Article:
Pensacola, Florida
Saturday June 23rd 2018


He is Mad I Tell You

By Kate Peterson

Born in Tallahassee, Fla. and now living in Atlanta, Ashanti “The Mad Violinist” Floyd, grew up in a string instrument world. His Mother, Patrice Floyd is a Florida A&M University string professor; she ran a string school when Floyd was young. His Father, Dwight Floyd is a pianist. All of Floyd’s siblings play, as well. He has been playing the violin since the tender age of three. Floyd is a classically trained violinist who blends violin music with hip-hop and dub-step. Performing with a five-piece band, together they are called the Symphony Crack Orchestra—making a huge impact on the music world with their unique style.

Some may have caught their recent shows at Pensacola’s Vinyl Music Hall, first with Big Bone and Body Head Bangerz, featuring Roy Jones. Later that month, they played the free show at Vinyl during gallery night. Their show packed the venue to the brim.

Nominated for five Grammy awards over his relatively short tenure in the music business, Floyd has produced and played with many well-known artists. He recently toured with Lupe Fiasco, was in the band performing with Yelawolf, worked with T-Pain, Rick Ross, Fifty Cent, John Legend, Mario, Young Jeezy, David Banner, Sean Kingston, Young Buck, American Idol, Usher and more.

Floyd attended Berklee College of Music, on a full scholarship, which he garnered from his audition. Currently, he is signed to Kane Beatz’s production team, The Building and APG/Atlantic Records. The Building is known for the song, “Bed Rock,” featuring Lil Wayne and Young Money. Floyd has mastered eight instruments; he plays up to 30 and has become one of the top trackmen in the country.
IN had the good fortune to be able to talk to this busy virtuoso about his music and the future.

IN: How did you get your start in music and when was your first recording?
FLOYD: My mom taught me how to play the violin. I was about three years old when I started. My twin brothers and my whole family play instruments, it was the only thing we did when I was growing up. My Mom had an after school program called String School. I teach and host workshops around the country. My first recording as an artist was in 2005, it was recorded in my room. I played all the instruments. I sold over one million songs from my room.

Floyd has been involved with the Summer Stars camp program as well. Summer Stars Camp for the Performing Arts is a nonprofit organization, devoted to providing economically disadvantaged children, ages 12 -15, with an opportunity to discover themselves and their potential through the arts.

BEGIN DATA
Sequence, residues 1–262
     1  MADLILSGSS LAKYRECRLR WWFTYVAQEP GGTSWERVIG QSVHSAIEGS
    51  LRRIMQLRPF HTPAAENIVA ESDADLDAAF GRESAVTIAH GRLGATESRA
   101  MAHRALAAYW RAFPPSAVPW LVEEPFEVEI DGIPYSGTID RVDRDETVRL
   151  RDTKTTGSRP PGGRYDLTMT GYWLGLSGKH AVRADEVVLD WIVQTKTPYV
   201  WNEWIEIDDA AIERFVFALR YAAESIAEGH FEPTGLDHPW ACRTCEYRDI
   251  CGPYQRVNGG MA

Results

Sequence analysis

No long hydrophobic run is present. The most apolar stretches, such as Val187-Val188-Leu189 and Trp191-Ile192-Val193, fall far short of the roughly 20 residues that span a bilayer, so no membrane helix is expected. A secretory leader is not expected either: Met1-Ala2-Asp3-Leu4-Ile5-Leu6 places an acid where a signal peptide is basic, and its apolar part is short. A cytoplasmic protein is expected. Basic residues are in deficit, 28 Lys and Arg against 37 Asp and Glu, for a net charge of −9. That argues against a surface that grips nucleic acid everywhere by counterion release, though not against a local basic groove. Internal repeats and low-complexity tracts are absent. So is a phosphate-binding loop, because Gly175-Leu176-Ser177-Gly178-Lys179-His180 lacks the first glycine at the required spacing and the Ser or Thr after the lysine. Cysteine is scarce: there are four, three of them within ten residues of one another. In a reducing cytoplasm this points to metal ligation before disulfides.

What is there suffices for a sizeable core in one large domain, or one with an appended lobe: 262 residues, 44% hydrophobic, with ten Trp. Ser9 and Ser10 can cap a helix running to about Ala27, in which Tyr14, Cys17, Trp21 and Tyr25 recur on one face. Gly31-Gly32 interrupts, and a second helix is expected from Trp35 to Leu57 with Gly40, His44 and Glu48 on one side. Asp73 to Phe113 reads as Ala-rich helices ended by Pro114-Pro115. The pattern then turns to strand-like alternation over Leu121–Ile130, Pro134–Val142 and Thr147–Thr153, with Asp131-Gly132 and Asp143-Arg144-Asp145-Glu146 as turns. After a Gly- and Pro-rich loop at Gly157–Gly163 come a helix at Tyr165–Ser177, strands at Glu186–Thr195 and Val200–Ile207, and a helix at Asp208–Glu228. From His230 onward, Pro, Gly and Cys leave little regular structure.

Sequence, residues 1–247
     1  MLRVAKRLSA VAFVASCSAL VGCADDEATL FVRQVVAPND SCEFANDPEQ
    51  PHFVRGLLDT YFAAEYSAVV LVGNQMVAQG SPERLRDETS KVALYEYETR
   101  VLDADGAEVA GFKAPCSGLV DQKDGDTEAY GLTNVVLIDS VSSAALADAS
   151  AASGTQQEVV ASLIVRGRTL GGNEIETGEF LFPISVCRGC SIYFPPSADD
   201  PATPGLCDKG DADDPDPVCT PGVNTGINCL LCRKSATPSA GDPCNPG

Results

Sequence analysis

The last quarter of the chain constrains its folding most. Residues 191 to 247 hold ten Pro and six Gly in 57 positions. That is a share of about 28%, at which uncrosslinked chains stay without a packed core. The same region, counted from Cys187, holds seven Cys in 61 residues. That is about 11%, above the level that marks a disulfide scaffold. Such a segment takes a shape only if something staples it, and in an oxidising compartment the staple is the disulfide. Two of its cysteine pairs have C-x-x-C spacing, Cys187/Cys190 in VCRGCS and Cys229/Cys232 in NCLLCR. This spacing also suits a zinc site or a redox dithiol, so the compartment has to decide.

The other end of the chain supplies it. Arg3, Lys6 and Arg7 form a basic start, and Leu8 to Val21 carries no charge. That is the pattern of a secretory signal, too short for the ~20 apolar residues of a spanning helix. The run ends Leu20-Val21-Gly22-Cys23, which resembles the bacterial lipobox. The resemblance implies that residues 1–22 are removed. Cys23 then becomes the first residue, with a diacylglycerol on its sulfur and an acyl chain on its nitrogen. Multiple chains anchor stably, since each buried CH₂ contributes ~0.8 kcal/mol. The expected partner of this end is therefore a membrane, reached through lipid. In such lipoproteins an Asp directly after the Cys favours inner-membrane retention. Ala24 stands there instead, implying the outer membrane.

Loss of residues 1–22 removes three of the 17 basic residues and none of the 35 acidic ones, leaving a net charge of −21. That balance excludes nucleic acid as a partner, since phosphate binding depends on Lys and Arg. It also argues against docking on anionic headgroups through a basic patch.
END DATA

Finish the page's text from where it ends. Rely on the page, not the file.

IN: Symphony Crack Orchestra is such a unique name, where did it come from?
FLOYD: The band consists of a symphony of different instruments, styles and genres. I am heavily involved in the production side of the music business. According to some, down the line, they have said that my beats, and our sound, are so hard that they keep you coming back, like crack.

IN: How many members are in your band?
FLOYD: Normally five, bigger shows we have seven. It is a really diverse group of guys. We have regular instruments, electric versions of instruments and a DJ rig. Very multi-talented.

IN: Your work seems to be very improvisational, is that your process?
FLOYD: About ten minutes after hearing something, I can pick up my violin and lay down a track to accompany it. It is innovative and creative, important when you are a performing artist.

IN: Who are your biggest influences?
FLOYD: My mom for sure, she made her violin talk. Growing up I was surrounded by gospel music. She always taught me that you can learn how to play 500 notes in a minute, but if you are not putting your soul into your instrument then you have accomplished nothing.

IN: Who are you listening to now?
FLOYD: Honors English, a rapper and graduate of Florida A&M University. I also really like Serius Jones, a battle rapper, who is so talented that when Lupe Fiasco heard him he put him on his mixed tape.

IN: You have played with so many people, name a favorite.
FLOYD: Working with Fantasia for over a month, I really got up close and personal with her.  Fantasia showed me how normal and real celebrities can be—they are like everyone else. I also got my first Grammy nomination on her album. Another special moment was when I played for B.B. King’s birthday in Nashville, Tenn., he pulled me aside and gave me some useful tips. He is a good conductor, a great musician and entertainer.

IN: Where have you been playing recently?
FLOYD: Big shows with Lupe Fiasco, playing violin with him. We had a show at Terminal West in Atlanta, it was a big seller, we had 450 in presales and it is a 600-person venue. We are making a name in the Southeast, as well.

IN: What does your future hold?
FLOYD: I am working on a regeneration project with Earth, Wind and Fire. Old school meets new school. We are speaking the language of the streets, bridging the gap. In the future, a lot more records with Kane Beatz, Symphony Crack Orchestra, more touring and hopefully a tour overseas.

WHAT: The Mad Violinist and The Symphony Crack Orchestra with The Ugli Stick
WHEN: 8 p.m. Friday, August 3
WHERE: Vinyl Music Hall, 2 S. Palafox
COST: $5